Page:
I texted my friend for help and she said she would find the name of the street and text it back to me. I had opted for the no data plan for overseas phone options, so I could not look my hotel up. While I waited, I asked several locals, pub owners and couples out for a late night stroll, for help. They looked at the map and shook their heads when I mentioned the Castel Sant’Angelo Inn. Since it was a new hotel in an old-established building, they had not yet heard of it. My heart was sinking.
Before long I got a text with the correct street name. A flood of relief. I gave the address to a pub owner who took me outside and gave me directions consisting of turn this way and then that, etc. I followed what I thought he said but got lost again. Finally, after countless inquiries and attempts, I found a taxi parked on the side of the road. With unmasked desperation, I gave him the street address. He gave me directions about turn this way and that. I told him I would pay him to take me there. He said no, I could find it, then gave me a “move along now” motion with his hand.
I turned on my heel and quickly acted on his directions, forcing my mind to stay relaxed. To my great delight, I found it. Key in hand, I was inside the hotel in a flash and made a beeline straight to my room. I gazed at my alarm clock on the nightstand. It was two thirty in the morning.
As I lay in bed trying to get a few hours sleep before meeting up with my friends, I thought about my wanderings. Although I was frustrated, I never felt that I was in danger. People tried to be helpful but with such little information it was impossible. I was sure I would recognize my hotel, but I learned that after dark everything looks quite different and how very easy it is to get turned around. Needless to say, we all had a good laugh together later that morning after everyone got over the initial shock that I had actually “got lost.” So, from now on I will always have my own detailed map with me. I’ll just mark this one down to experience.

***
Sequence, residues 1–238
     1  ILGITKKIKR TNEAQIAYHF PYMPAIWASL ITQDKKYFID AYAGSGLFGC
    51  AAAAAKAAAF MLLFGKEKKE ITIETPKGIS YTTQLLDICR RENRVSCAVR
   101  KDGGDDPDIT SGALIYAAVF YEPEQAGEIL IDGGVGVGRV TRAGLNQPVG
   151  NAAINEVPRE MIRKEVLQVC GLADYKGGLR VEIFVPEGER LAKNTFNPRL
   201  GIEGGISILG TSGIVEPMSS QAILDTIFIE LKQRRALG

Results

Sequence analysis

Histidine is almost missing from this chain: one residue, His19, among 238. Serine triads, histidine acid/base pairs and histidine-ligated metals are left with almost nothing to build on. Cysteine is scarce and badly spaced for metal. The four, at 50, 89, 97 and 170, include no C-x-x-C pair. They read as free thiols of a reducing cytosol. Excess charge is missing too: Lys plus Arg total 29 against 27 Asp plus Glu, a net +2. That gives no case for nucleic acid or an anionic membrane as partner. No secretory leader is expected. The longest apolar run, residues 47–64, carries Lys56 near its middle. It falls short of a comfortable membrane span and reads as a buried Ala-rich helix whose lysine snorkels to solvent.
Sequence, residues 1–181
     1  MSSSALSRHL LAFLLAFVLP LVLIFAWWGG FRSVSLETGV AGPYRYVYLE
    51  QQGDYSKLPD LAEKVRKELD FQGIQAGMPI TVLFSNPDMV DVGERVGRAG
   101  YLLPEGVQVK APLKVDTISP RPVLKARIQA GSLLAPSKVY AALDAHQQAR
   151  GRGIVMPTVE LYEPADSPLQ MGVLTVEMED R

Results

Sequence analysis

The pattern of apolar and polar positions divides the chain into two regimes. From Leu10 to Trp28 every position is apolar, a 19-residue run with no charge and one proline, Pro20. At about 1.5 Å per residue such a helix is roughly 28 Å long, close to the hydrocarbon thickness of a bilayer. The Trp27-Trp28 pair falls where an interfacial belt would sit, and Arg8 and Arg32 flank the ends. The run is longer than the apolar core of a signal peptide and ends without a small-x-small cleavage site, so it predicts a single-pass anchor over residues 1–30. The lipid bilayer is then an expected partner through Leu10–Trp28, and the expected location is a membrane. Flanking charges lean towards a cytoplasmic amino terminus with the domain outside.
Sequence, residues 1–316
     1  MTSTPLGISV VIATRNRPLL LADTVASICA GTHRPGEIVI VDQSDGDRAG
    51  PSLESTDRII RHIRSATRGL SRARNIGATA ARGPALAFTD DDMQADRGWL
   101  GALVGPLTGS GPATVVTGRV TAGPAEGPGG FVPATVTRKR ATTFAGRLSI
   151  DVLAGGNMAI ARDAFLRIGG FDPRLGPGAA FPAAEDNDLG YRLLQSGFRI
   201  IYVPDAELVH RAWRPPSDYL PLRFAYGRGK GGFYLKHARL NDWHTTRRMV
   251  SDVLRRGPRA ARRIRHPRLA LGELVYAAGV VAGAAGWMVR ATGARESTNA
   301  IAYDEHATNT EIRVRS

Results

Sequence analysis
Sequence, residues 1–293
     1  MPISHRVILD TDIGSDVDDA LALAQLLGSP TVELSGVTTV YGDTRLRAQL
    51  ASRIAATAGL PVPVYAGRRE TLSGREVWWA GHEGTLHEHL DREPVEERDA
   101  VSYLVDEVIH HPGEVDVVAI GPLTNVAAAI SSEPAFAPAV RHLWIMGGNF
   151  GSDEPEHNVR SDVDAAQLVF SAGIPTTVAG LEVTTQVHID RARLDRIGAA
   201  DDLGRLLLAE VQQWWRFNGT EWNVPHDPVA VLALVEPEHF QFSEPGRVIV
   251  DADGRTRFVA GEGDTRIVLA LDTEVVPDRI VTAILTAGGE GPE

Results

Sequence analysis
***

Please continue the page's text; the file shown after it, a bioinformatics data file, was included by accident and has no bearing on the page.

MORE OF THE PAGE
Amazing Rome. There is no one like you….Sounds like the beginnings of a song. But Rome demands its place as the Eternal City with all of its multi dimensional aspects of life over thousands of years. She has an old yet elegant presence about her that is difficult to ignore. And for those who are willing to let her take them on a journey through the depths of her soul and afterward rise up again to meet Rome of today, you will be in for an unforgettable experience.
Follow along as I introduce you to some of my favorites…
Fine dining from the rooftop of the Hotel Raphael near the Pantheonis an intoxicating experience. The terrace is multi-level and the views of Rome from all around are magnificent. I love watching the sun set over the city as I drink a glass of wine and see how many monuments I can recognize.
The Italians know how to make delicious food, which is not a surprise. I love pasta and the way it is served with a special touch. It is never smothered in sauce but instead embellished with a delicate herbed olive oil or light wine sauce. This pasta below had chunks of white sea bass that was tender, mild and disappeared in no time.
I must also give the Italians my hearty approval on good pours of wine in the glass. The house wines in Rome are always very good. Most are locally produced. Frascati, grown in vineyards around Rome, is a common white wine that is served in Roman restaurants.
Desserts don’t take a backseat to the main dishes. This pistachio gelato was a work of art. As a city known for its outstanding architectural designs and centuries old famous fresco paintings, this should be no surprise.
Sometimes it’s just fun to enjoy a simple gelato while walking the streets of Romeand taking in the sights. My quota is one, sometimes two gelati a day.The old Jewish Ghetto is one of my favorite landmarks to explore. Outdoor cafes offer kosher food, some with recipes used centuries ago. Carciofi alla giudia (Jewish style artichokes) are a specialty in the Jewish Ghetto. Deep fried and served in a crispy layer, they are delicious. The outer leaves taste like potato chips. Battered and fried pumpkin flowers are also very popular and, unlike the Carciofi, they are tender and delicate. Markets at Campo dei Fiori are a lot of fun to shop. Produce is bright and freshly picked. Outdoor cafes are everywhere in Rome. It’s obvious that food and socializing are very important to the Italian lifestyle. Ask anyone where to find good coffee and they will direct you to Sant’Eustachio il caffe.There you will generally see a line of people waiting. Established in 1938, it is only steps away from the Pantheon. This is the only coffee in Rome roasted by wood and not fossil fuel. All of the coffee is roasted on the premise. I was fortunate and found an outdoor table to seat myself while I sipped my coffee. The Protestant Cemetery(Cimitero dei Protestanti) is in the Testaccio neighborhood. I found this place to be immensely interesting. It is very green and well-kept, with sculptures and statues over graves. Here is a famous one called the Angel of Grief, sculpted in 1894 by William Story to be the gravestone for the artist and his wife.